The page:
Acer was early to the Chromebook market, releasing the C7 for a mere $199 and the C710 for $299. These laptops – more tablets with keyboards than fully-featured machines – work well as “third screen” devices that you throw onto a coffee table or use for browsing and some mild document editing. Now Acer is back with the C720, a $249 with SD card reader, USB 3.0 port, and a front-facing HD webcam for video chats.
The new laptop now competes in the same space as the Pixel, a handsome Google-branded device, and the new HP Chromebook 11, an ultralight laptop that charges via Micro-USB. That doesn’t mean Acer’s creation is overrun with competition, it simply changes the space slightly.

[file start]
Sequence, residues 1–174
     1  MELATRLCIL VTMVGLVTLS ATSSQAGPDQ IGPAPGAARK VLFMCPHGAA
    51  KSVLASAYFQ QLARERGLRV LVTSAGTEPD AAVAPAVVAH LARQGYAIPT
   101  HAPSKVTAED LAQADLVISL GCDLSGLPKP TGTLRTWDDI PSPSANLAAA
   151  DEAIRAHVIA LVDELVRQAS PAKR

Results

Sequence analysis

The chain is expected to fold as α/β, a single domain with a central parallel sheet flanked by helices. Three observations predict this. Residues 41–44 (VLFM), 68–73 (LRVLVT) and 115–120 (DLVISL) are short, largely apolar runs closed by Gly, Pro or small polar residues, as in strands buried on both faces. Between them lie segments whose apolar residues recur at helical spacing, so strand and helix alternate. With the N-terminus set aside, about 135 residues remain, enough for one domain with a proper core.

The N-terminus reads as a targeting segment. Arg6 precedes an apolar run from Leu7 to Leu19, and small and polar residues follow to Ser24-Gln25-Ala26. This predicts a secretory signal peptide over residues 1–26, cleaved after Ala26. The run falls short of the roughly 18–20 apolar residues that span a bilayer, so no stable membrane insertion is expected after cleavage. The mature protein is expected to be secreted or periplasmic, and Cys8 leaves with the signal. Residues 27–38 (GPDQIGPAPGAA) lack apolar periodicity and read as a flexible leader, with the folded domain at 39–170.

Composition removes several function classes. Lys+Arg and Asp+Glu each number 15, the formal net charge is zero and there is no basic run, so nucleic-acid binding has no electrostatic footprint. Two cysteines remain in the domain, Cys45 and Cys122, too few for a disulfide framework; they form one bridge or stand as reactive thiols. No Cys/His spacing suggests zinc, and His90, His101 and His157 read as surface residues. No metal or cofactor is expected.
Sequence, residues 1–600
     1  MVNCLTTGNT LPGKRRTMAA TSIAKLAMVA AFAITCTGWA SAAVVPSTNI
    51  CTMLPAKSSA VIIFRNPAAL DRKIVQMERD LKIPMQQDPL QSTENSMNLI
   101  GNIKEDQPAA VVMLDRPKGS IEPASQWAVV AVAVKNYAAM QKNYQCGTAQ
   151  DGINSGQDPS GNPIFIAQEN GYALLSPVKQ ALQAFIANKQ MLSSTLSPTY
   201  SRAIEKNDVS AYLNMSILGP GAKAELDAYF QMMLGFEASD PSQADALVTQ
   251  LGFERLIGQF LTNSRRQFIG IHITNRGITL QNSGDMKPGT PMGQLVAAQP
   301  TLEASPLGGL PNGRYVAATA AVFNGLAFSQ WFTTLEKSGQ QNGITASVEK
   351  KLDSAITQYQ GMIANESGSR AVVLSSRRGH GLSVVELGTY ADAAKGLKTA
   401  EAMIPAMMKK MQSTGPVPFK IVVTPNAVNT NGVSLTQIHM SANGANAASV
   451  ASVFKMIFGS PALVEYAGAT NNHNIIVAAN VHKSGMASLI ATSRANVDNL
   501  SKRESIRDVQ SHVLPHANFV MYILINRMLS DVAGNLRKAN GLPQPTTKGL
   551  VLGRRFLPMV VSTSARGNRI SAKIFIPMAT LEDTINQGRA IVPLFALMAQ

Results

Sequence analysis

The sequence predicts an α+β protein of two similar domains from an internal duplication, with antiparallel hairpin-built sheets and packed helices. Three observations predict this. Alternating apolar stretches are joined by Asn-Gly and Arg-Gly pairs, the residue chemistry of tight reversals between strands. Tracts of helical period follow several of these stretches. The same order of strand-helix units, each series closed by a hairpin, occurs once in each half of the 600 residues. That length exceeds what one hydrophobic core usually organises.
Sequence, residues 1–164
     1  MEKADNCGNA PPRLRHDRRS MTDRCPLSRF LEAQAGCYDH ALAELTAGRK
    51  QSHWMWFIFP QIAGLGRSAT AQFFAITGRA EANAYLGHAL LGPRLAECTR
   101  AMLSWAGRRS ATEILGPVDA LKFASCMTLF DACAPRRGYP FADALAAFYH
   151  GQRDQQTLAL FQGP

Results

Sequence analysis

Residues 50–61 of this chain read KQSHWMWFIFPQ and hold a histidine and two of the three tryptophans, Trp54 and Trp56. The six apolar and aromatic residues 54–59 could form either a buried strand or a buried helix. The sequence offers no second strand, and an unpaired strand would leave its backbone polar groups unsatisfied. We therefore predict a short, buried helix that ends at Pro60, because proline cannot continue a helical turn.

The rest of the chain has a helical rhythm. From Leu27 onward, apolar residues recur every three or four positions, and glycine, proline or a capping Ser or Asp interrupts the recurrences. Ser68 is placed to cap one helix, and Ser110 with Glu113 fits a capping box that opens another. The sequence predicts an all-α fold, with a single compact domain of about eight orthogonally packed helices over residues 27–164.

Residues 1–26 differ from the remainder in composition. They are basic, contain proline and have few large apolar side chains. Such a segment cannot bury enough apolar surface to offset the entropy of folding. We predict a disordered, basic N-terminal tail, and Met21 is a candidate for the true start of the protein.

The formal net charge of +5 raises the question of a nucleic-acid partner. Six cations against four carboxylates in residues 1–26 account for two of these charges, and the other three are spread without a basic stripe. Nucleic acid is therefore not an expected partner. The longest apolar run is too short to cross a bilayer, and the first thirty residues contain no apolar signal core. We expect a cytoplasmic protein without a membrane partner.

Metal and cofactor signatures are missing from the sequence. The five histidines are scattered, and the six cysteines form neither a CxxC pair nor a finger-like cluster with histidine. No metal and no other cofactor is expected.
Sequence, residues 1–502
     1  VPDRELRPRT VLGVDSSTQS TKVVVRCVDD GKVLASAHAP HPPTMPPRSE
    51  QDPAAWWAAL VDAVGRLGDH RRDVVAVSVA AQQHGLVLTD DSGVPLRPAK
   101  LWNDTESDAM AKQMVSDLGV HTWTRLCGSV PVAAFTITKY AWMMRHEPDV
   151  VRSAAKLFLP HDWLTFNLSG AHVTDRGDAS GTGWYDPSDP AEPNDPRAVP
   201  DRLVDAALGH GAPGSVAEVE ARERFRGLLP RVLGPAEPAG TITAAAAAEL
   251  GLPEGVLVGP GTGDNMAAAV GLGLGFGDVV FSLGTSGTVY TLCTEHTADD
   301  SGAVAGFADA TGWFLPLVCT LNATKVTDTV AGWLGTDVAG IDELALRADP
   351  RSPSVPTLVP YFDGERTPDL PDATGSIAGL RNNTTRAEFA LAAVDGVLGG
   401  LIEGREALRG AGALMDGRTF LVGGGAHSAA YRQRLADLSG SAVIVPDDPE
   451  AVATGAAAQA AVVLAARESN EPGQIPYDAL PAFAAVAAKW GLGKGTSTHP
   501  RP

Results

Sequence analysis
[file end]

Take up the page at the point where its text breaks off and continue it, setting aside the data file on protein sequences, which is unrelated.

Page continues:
While specs rarely matter in the Chromebook world, the C720 holds its own with 8 hours of battery life, 4GB memory, and a solid Intel Celeron 2955U processor with Haswell micro-architecture. It shares the same style case with its older brothers yet is slightly thinner and weighs less than 3 pounds.
Is this the Chromebook for you? The question, more precisely, is whether the Chromebook concept is ready for prime time. While I haven’t yet lugged one of these on a long trip – I can imagine some frustrating moments – I can see the intrinsic value of this hardware over, say, an underpowered Windows machine. Best of all you can usually hack these and install Ubuntu Linux, thereby gaining a bit of utility and, more importantly, a command line prompt.
The laptop is available for pre-order now and will be shipping in the coming weeks.